Oton Gliha (1914–1999)
A painting exhibition dedicated to a Slovenian author who lived in Slovenia in his youth, but spent most of his life in Croatia. This is the artist's first solo overview of chosen works in Slovenia, presenting drawings and paintings from the period between 1956 and 1974 during the author's transition to complete abstraction.
The Bežigrjska galerija 2, in coproduction with the Moderna galerija Ljubljana, Moderna galerija Zagreb in Muzej suvremene umjetnosti Zagreb, presents an overview of Oton Gliha's works selected from collections especially for this exhibition.
Indigenous and Cosmic /
The Image of a Letter and the Letter of an Image
Oton Gliha’s (1914 – 1999) attribution as a painter of the letter, the painter of the earth, and the painter of the culture embodies one of author’s imaginary, but primordial principles of painting; the painter’s personal vision of his own imaginations and – never fully elaborated – synchronicity between Old Church Slavonic Glagolitic script engraved in stone and typical, adopted coastal dry stone walls – gromače (pl.), that have been built since archaeological and antic times with the hands of the cattlemen and farmers to delimit space and to mark the borders of arable land, as well as pasture areas. It shows gradual process of agerization of the appropriated space. That seems to be Gliha’s internal painting, archetypical painting, woven and knitted from never fully understood initial sign-image-letter , an imaginary pictogram projected into an actual motif, which is then generalised in painting, extracted from the whole. The spirit of the artist inhabits both. Another distinctive Gliha’s determinant presents itself in a gradual reduction of what is seen, of his transposition, while playing, between the specific landscape motif and its successive abstraction into author’s signature of sort – a pictorial autograph, sprouting since the 50’s of the 20th century in numerous variations of the line-shape, mostly coloured substrate.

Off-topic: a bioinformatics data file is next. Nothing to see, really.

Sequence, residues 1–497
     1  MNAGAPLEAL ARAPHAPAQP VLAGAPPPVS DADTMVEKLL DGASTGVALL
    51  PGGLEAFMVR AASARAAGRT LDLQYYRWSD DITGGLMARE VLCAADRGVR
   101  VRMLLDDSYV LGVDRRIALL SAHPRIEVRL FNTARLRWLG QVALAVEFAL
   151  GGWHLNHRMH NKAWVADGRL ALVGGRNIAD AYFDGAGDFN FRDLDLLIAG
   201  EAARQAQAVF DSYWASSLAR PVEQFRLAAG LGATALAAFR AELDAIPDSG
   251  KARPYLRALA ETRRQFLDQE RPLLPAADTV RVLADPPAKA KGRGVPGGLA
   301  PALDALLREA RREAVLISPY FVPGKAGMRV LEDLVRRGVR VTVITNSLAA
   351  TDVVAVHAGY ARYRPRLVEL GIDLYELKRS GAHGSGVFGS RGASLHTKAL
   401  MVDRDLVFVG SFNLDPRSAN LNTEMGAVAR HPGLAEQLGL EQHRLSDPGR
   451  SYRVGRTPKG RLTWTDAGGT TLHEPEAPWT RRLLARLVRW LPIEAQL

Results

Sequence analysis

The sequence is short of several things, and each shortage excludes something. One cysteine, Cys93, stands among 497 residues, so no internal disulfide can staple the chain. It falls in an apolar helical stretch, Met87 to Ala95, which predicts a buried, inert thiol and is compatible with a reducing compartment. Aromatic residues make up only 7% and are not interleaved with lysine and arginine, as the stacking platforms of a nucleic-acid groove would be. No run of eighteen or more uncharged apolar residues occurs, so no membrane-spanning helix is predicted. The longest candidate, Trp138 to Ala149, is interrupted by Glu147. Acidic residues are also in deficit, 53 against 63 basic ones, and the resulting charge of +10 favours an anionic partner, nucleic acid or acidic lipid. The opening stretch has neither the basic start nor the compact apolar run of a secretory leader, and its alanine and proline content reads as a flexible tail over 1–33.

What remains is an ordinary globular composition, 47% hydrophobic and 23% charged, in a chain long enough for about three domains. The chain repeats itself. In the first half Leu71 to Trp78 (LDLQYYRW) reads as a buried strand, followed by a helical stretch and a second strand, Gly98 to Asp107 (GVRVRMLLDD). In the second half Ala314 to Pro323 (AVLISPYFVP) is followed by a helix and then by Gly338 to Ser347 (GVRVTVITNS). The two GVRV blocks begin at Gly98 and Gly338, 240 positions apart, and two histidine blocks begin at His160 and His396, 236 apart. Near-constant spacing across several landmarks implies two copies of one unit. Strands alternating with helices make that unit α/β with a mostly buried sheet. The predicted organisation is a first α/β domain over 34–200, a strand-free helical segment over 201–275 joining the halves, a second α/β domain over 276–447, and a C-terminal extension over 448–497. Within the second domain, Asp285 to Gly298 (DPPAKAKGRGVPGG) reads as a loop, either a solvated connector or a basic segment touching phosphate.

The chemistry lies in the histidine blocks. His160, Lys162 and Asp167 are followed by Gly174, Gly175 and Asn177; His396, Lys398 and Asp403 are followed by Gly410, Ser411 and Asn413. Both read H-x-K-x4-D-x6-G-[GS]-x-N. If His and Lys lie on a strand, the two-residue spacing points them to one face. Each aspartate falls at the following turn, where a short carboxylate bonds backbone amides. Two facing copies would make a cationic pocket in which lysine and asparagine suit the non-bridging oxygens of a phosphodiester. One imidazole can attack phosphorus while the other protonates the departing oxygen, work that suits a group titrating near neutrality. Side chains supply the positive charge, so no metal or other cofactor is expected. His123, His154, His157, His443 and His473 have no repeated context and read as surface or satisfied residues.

© Željko Marciuš
Oton Gliha was born on 21 May 1914 in Črnomelj, Slovenia. Between 1933–1937, he studied painting at the Academy of Fine Arts in Zagreb (under professors Maksimilijan Vanka, Omer Mujadžić, Joza Kljaković, Marin Tartaglia, Ljuba Babic, and Tomislav Krizmanić). He also studied in Paris between 1938–1939 and lived in Zagreb, Croatia, where he died on 19 June 1999.
Sunday, Monday, holidays: Closed